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Wahine Weather 50 years on - April 10 1968

Weather Eye
with John Maunder

The storm that grew out of tropical cyclone Gisele caused the strongest wind ever recorded in New Zealand - 181 km/h (98 knots) gusting 269 km/h (145 knots) at Oteranga Bay west of Wellington. Although it wrought havoc to thousands of properties in Wellington (leading, eventually, to a change in building codes), it is primarily remembered for having sunk the inter-island ferry Wahine in Wellington harbour with the loss of 51 lives.

Gisele formed near the Solomon Islands on 6 April 1968, then moved south-southeast towards New Zealand. On the evening of 9 April the low centre was east of Cape Reinga and it crossed the North Island during the night to pass close to Napier at 6.00am. It was about 150 km east of Cook Strait around midday on 10 April.

Conditions in Wellington deteriorated rapidly during the morning of 10 April. As the Wahine crossed Cook Strait, the wind rose to 93 km/h (50 knots), the waves increased, and a large drop in pressure was recorded with the barometer falling 5.6 hPa in just over an hour. At this time, some difficulty was experienced in keeping the ship on course, although it was still in deep water and 45 minutes away from the harbour mouth.

Most of the members of the subsequent Court of Inquiry were critical that no consideration was given to abandoning the attempt to enter the harbour at this point. There was a strong likelihood that the waves would be much worse in the shallow waters of the harbour mouth and the steep fall in pressure clearly indicated the possibility of a further increase in the wind strength.

For reasons never properly understood, though possibly connected with the rain or blowing spray, the Wahine's radar broke down just as she was approaching the harbour mouth. A few minutes later a wave broke over her stern and she sheered off course. After rolling badly off another big wave, the Captain became disoriented in the poor visibility, and manoeuvred the ship in the harbour mouth for almost half an hour before striking Barrett Reef. The ship immediately lost power and both anchors were dropped.

The force of the wind continued to increase and drove the ship upthe harbour dragging both anchors. The extreme winds were also forcing extra water into the harbour which, soon after 1.00pm when the wind began to drop, began to flow back out, helping to turn the ship side on to the wind.

This contributed to the list that had developed due to water reaching the car deck where it was able to move freely from side to side. However, it also provided the first opportunity for lifeboats to be lowered on the side relatively sheltered from the wind and waves. The order was given to abandon ship. Not long after this was completed, the ship capsized.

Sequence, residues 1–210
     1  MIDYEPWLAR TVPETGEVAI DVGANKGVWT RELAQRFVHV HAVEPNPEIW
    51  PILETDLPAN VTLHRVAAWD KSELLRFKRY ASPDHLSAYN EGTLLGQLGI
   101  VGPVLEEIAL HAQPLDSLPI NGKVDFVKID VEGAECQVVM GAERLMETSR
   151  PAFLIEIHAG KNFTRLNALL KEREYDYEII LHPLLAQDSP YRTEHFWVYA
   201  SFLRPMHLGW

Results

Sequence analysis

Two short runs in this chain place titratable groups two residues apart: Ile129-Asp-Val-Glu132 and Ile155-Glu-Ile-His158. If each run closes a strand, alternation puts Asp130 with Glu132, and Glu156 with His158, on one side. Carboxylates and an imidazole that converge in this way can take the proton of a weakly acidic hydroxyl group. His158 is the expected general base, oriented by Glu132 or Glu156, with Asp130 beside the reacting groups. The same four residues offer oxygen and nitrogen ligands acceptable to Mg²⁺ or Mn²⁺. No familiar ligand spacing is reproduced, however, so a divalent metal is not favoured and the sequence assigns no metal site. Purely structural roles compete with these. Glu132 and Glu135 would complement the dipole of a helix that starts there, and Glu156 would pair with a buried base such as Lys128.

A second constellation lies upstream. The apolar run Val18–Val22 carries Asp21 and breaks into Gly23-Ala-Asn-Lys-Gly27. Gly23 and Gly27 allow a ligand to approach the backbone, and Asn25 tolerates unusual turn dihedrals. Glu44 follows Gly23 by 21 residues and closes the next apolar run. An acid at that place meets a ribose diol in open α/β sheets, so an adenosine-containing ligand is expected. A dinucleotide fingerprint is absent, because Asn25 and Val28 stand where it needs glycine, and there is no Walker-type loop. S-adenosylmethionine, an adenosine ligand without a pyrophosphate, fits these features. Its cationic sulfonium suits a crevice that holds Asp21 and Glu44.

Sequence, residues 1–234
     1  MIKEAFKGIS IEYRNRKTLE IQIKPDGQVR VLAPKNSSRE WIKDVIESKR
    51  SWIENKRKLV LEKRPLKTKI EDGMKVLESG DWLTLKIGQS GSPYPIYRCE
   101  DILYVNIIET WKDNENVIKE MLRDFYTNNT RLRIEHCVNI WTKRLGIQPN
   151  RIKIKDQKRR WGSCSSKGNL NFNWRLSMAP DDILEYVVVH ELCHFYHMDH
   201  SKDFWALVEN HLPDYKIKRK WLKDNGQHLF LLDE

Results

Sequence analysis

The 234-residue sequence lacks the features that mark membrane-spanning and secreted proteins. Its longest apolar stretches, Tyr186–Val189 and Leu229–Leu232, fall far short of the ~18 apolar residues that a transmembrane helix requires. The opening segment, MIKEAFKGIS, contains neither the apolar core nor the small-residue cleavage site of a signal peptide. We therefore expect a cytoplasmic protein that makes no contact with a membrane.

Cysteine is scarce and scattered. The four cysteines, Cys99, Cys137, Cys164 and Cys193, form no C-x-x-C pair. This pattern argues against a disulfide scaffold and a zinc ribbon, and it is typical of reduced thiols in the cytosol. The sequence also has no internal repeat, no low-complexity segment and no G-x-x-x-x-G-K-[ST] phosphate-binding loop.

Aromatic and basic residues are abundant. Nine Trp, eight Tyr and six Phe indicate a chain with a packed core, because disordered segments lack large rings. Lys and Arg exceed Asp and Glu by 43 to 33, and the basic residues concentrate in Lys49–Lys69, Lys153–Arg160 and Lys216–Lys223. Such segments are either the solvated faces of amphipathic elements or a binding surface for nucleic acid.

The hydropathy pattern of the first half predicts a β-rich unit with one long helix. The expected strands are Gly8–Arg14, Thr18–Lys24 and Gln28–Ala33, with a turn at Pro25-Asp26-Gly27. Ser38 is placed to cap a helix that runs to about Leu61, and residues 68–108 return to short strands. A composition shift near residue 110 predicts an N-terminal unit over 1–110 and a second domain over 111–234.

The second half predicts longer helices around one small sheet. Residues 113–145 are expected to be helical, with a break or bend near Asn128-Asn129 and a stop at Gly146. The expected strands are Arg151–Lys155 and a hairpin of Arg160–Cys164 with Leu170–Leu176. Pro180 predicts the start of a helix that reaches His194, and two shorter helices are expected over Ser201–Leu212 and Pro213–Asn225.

There is a common misconception that the Wahine received inadequate warning about the weather conditions to be expected because of the storm. In fact, this is not true. About the time the ship left Lyttleton on Tuesday night 9 April 1968, she received a forecast for New Zealand coastal waters. The forecast for the central area, which included Cook Strait, was "strong northerlies changing to southerly after midnight tonight, southerlies gradually increasing to gale or storm from tomorrow morning".

Storm force on the Beaufort scale is a mean wind speed of 88-117 km/h (48-63 knots) with gusts 50% stronger, that is gusts 133-176 km/h (72-95 knots). The forecast also included a storm warning describing winds of over 111 km/h (60 knots) around a deep depression of tropical origin that, at that time, was about 96 km east of North Cape and moving south-southeast at 37 km/h (20 knots).

The assessment of the position and movement of the depression were only given as "fair" - meaning accurate to within 1 degree of latitude and longitude. If the forecaster had been more confident about the position and movement he would have described them as "good" - meaning accurate to within half a degree. Had the speed and direction of movement been exact and unchanging, then the area of winds greater than 111 km/h (60 knots) would not have passed over Cook Strait at the time the Wahine was due to enter Wellington harbour. In the event, however, the depression did speed up slightly and deepen a little during the night, then change to a more southerly movement about the time the ship hit Barrett Reef.

The fact that the forecast for Cook Strait included the possibility of storm force southerlies of up to 117 km/h (63 knots) gusting 176 km/h (95 knots) was, in part, a measure of the forecaster's uncertainty over the speed and direction of the depression.

At the time the Wahine got into difficulty, the wind at Wellington airport had risen to 111 km/h (60 knots) gusting 148 km/h (80 knots) - well within what was predicted. Although the wind continued to rise and peaked at 144 km/h (78 knots) gusting 187 km/h (101 knots) a couple of hours later, the ship was already in serious trouble. Paradoxically, the wind increase may actually have saved lives by blowing the ship back up the harbour: had the Wahine rolled over at Barrett Reef rather than within the harbour mouth, the death toll is likely to have been far higher.

You can see a timeline of the sinking of the Wahine on the Interactives website here: http://interactives.co.nz/2013/Apr/wahine/

The above text is from The New Zealand Weather Book by Erick Brenstrum, pp 95-96.

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